“What would you change in history if you could?” asked a student of documentary filmmaker Ken Burns. “I would stop the assassination of Abraham Lincoln,” he answered. “I am curious as to what Lincoln’s emphasis on our better angels after the Civil War… what might have happened.”
Burn’s answer was central to the hour-long master class he led with Media Arts, Jazz and Academic Studio students at NOCCA in October. “Who are we is the question that has animated my life’s work.”
His life’s work has earned him seven Emmy’s and two Oscar nominations for renowned documentaries that include The Civil War (1990), Baseball (1994), Lewis & Clark: The Journey of the Corps of Discovery (1997), Jazz (2001), Mark Twain (2001), The National Parks: America’s Best Idea (2009), Prohibition (2011); and upcoming films on Jackie Robinson, The Roosevelts and Vietnam.
In answering another student, Burns was able to show NOCCA’s young artists how stories and biographies are interconnected. “What drew you to jazz?” a jazz student wanted to know. “After The Civil War and Baseball, I realized I was working on a trilogy,” Burns explained.
“The Civil War was hugely important. Everything before let up to it, everything after is the result. The game of baseball was an entre into social life and race. And the period music was all jazz. Jazz was created out of circumstances not conducive to art. It was born of a community with a memory of being unfree in a free land. It is the timeless affirmation even in tough times.”
“Tell a good story,” he said simply, “and everything comes in its wake.” To tell a good story, the director offered insights into his pioneering techniques: using a chorus of voices and narrators, performing period music on period instruments, forsaking storyboarding, shooting on film, not being seduced by all of the good stuff on the editing room floor, and keeping an open script process so he can constantly add and subtract information and happy coincidences.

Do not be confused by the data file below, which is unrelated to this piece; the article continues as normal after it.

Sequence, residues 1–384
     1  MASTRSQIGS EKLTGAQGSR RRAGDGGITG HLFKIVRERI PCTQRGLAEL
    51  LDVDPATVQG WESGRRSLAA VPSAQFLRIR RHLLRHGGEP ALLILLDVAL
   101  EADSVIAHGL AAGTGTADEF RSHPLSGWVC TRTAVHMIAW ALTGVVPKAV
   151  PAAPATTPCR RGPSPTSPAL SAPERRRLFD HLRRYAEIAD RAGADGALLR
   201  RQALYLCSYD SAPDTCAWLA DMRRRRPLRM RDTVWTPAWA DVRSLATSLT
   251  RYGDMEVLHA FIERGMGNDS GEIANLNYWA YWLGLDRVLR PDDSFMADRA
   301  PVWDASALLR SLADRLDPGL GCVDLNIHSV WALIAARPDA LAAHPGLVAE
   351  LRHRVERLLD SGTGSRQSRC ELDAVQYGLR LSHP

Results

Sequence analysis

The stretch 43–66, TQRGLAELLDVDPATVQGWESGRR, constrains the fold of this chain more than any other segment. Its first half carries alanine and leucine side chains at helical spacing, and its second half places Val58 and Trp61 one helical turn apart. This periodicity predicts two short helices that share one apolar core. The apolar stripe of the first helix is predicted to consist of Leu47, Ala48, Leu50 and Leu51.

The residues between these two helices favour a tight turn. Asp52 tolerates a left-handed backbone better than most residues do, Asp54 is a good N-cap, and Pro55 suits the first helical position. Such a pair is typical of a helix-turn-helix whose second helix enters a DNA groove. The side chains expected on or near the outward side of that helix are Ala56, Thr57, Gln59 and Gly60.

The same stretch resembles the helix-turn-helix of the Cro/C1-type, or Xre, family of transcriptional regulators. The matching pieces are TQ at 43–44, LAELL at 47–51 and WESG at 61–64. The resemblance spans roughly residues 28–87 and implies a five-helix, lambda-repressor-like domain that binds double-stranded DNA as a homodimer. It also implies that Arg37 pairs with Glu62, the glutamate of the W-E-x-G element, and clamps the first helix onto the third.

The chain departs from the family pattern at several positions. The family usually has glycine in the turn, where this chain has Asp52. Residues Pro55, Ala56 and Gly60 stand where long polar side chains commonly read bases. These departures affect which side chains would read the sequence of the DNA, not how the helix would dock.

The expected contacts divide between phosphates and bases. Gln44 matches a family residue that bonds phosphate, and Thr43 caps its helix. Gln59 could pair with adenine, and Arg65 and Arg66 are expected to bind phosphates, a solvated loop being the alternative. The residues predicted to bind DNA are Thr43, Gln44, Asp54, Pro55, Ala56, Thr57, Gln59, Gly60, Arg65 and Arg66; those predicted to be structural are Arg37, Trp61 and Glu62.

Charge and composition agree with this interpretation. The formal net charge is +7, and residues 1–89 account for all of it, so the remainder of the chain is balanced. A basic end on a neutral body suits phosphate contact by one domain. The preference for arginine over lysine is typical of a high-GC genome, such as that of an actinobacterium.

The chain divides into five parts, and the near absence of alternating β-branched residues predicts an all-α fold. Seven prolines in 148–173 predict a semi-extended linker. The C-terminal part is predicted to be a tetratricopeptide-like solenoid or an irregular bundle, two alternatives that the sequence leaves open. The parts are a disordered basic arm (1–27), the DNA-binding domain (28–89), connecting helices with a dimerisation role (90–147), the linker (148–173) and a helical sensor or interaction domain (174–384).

And, of course he spoke of his pan and zoom process. “You start at the bottom of a picture that shows two gun holsters… and slowly pan up to a child’s face. It all goes back to telling a story.”
Burns’ own story as a filmmaker began when he was 12. How a movie could make his father cry after his mother’s death helped him understand the power of art. He went on to study filmmaking at Hampshire College under photographer Jerome Liebling. “If I hadn’t met him,” Burns answered a student’s question about his mentors, “you would not be meeting me.”
“Filmmaking is not easy and nothing will be handed to you. It is 12 – 14 hours work a day, six to seven days a week. We will work years on a film: 10 years on The National Parks, five and one half on The Civil War, six on Jazz. You have to know who you are. The key to success is being honest and working hard.”
“Great men do great things,” he offered to NOCCA’s young artists, “but they are not the only stories. I’ve found out there’s no such thing as ordinary people.”